Going Green with Garlic
Growing a market for a unique product
First step in selling green garlic was showing people how to use it, entrepreneur says
By SANDRA BRETTING
For The Chronicle
It all began for Dilip Naik when he tried to find fresh green garlic like the type used by his grandmother in his native India.
The vegetable is grown during the winter months there, but Naik wanted to produce it in this country year-round.
“Green garlic is tricky,” Naik said. “It’s not a hardy plant, and when you grow it in soil, the cloves aren’t much to look at. Plus, a lot of people here don’t know what to do with it. They don’t realize you can use the stalk for chives, not just the clove of the plant.”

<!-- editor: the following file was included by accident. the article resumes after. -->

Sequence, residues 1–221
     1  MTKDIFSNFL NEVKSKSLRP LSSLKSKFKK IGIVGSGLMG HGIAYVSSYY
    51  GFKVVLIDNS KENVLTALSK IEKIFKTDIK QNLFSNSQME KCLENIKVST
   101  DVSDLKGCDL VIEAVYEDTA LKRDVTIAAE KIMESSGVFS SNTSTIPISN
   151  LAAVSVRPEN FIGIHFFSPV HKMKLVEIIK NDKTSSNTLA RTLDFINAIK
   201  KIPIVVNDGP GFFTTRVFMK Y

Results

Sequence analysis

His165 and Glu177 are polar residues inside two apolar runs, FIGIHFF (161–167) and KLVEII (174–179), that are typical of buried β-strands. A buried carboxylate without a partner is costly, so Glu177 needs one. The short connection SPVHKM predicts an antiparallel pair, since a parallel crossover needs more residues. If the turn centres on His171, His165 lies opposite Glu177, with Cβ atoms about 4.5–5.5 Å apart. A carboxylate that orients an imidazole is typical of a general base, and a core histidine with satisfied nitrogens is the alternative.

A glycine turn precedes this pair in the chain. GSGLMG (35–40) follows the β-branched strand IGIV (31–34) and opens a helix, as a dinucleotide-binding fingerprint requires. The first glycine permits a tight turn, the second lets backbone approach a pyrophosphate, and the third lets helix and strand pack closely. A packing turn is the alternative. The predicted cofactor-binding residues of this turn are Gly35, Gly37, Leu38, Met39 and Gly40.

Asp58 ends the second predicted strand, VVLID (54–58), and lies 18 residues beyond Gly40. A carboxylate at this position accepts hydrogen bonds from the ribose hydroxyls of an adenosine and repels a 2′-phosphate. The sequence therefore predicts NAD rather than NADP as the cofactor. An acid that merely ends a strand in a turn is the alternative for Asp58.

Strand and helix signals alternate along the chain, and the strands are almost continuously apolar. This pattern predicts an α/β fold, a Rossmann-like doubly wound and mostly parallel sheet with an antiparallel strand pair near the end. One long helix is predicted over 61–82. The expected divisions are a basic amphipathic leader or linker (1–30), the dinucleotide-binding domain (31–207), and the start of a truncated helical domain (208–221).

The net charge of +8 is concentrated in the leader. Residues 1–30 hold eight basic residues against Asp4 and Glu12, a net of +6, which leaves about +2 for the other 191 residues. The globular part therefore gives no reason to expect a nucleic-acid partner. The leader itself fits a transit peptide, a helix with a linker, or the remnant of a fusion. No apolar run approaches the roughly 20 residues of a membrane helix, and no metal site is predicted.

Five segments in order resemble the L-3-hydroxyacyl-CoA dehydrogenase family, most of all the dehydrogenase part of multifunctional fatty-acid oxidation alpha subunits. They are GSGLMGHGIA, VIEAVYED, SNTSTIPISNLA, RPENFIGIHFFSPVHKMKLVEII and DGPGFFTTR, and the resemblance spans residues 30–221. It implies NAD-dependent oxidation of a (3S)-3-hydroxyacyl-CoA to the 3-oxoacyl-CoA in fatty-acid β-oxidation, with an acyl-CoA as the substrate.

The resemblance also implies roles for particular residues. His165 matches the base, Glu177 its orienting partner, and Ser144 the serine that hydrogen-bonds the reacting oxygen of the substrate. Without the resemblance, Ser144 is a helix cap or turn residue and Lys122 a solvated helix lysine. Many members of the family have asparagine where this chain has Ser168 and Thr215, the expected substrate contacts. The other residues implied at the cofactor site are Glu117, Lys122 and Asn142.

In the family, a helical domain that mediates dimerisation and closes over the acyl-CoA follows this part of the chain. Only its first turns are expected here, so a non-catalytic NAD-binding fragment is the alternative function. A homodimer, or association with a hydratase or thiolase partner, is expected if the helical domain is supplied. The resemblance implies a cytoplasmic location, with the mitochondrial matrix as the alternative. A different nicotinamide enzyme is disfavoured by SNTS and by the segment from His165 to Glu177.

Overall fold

For Naik, a breakthrough occurred when he attempted hydroponics, a method of growing plants in water.
He had moved his family to Sugar Land and experimented with various growing methods for more than 10 years.
Today, his company, Gourmet Country Farm in Rosenberg, sells fresh green garlic and green garlic products to Whole Foods, Central Market and a Spec’s Liquor Store.
Bumps along the way
According to Naik, a structural engineer by trade, the journey from backyard gardener to produce company owner has been anything but easy.
“Because I know what the garlic should taste like, I wasn’t happy with the quality I was getting when I grew it in the ground,” Naik said.
“The problem is that nobody had developed the technology to harvest it, so everything I needed, I had to create myself.”
“Everything” included special growing beds, a water system that would adequately hydrate the plant without oversaturating it, and a method of harvesting that wouldn’t crush the cloves. Read More